Authorities have recovered the body of a third person who died during flooding and mudslides in an area of northern Colorado that was burned by a massive wildfire
Authorities have recovered the body of a third person who died during flooding and mudslides in an area of northern Colorado that was burned by a massive wildfire. One person is still missing.
The Larimer County Sheriff’s Office was notified Monday that a man’s body was found in the Poudre River, a day after another man was found dead in the waterway. On Tuesday, a woman’s body was found near the small community of Rustic, about 100 miles (161 kilometers) northwest of Denver shortly after a mudslide sent a wave of debris into scenic, winding Poudre Canyon.
“Our deepest sympathies go out to the family who tragically lost four members in last week’s flood,” Sheriff Justin Smith said.
Six homes were destroyed and another was damaged, all on the same road, the sheriff’s office said.
The flooding and slides happened in area that was burned last year by the 326-square-mile (844-square-kilometer) Cameron Peak Fire, the largest in Colorado’s history. Fires torch vegetation that usually helps absorb rain and keeps the ground stable, making those areas more vulnerable to flooding, especially in steep sections. The soil in burned areas can also repel rain.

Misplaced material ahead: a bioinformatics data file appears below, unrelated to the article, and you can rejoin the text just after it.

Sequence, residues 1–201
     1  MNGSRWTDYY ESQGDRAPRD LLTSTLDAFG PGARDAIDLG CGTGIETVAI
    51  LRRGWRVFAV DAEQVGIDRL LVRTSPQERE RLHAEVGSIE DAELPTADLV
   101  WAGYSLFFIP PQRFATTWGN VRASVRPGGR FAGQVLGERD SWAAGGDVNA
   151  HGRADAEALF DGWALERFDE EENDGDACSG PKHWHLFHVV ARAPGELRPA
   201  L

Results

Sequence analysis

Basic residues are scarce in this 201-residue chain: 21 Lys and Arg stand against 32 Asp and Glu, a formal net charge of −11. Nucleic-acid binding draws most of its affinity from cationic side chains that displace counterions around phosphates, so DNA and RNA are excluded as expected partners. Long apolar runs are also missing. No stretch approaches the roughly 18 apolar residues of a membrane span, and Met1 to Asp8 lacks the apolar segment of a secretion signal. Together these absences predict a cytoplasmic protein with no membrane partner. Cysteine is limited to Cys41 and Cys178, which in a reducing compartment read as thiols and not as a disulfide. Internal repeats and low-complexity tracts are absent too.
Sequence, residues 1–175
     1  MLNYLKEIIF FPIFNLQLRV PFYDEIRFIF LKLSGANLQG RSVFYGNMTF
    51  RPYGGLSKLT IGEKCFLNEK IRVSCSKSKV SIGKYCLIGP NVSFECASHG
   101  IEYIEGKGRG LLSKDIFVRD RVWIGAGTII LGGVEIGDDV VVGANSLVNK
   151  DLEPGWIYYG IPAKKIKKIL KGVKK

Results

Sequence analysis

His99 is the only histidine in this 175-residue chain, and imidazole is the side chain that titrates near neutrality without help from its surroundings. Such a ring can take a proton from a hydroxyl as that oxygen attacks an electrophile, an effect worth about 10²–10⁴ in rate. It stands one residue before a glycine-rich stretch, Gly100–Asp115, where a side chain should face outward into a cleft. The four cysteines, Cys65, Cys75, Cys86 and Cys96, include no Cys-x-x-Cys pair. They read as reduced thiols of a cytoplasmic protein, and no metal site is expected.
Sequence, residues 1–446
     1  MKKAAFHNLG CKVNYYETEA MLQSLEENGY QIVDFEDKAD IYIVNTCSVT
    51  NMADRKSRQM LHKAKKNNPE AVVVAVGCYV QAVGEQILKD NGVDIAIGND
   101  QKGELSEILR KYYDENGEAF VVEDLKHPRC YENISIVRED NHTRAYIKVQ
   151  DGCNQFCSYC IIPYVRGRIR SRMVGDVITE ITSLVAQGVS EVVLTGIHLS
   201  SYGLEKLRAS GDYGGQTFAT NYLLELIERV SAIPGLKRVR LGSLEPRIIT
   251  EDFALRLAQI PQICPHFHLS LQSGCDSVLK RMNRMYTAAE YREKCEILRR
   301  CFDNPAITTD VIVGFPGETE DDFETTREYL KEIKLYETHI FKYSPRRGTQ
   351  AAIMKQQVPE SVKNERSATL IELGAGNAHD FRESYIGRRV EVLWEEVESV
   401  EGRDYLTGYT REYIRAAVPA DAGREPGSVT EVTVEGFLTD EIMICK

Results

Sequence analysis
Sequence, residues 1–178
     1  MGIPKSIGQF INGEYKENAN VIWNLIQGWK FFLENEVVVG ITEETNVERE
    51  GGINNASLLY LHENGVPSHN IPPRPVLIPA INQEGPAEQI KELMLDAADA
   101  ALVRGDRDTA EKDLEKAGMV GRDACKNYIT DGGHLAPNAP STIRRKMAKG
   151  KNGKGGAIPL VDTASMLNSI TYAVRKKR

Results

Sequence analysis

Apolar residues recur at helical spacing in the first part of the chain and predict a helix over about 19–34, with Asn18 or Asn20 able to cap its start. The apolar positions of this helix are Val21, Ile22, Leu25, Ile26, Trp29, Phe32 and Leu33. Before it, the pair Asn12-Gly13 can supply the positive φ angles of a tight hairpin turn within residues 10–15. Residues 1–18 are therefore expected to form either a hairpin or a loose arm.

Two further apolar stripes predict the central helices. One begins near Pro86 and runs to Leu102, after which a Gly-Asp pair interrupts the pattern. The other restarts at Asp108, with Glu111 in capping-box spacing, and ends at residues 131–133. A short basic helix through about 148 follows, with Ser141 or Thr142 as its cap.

Extreme temperatures, low humidity, gusty winds and rough terrain contributed to the rapid growth of the fire, the first to spread to about 313 square miles (811 square kilometers) in the state, according to federal fire managers. A large amount of trees killed by beetles and stricken by the drought also fueled the growth of the fire, according to their final summary.
Scientists say climate change is responsible for more intense and frequent extreme weather like flooding and droughts and events like wildfires. But more research is needed to determine how much global warming is to blame, if at all, for a single event.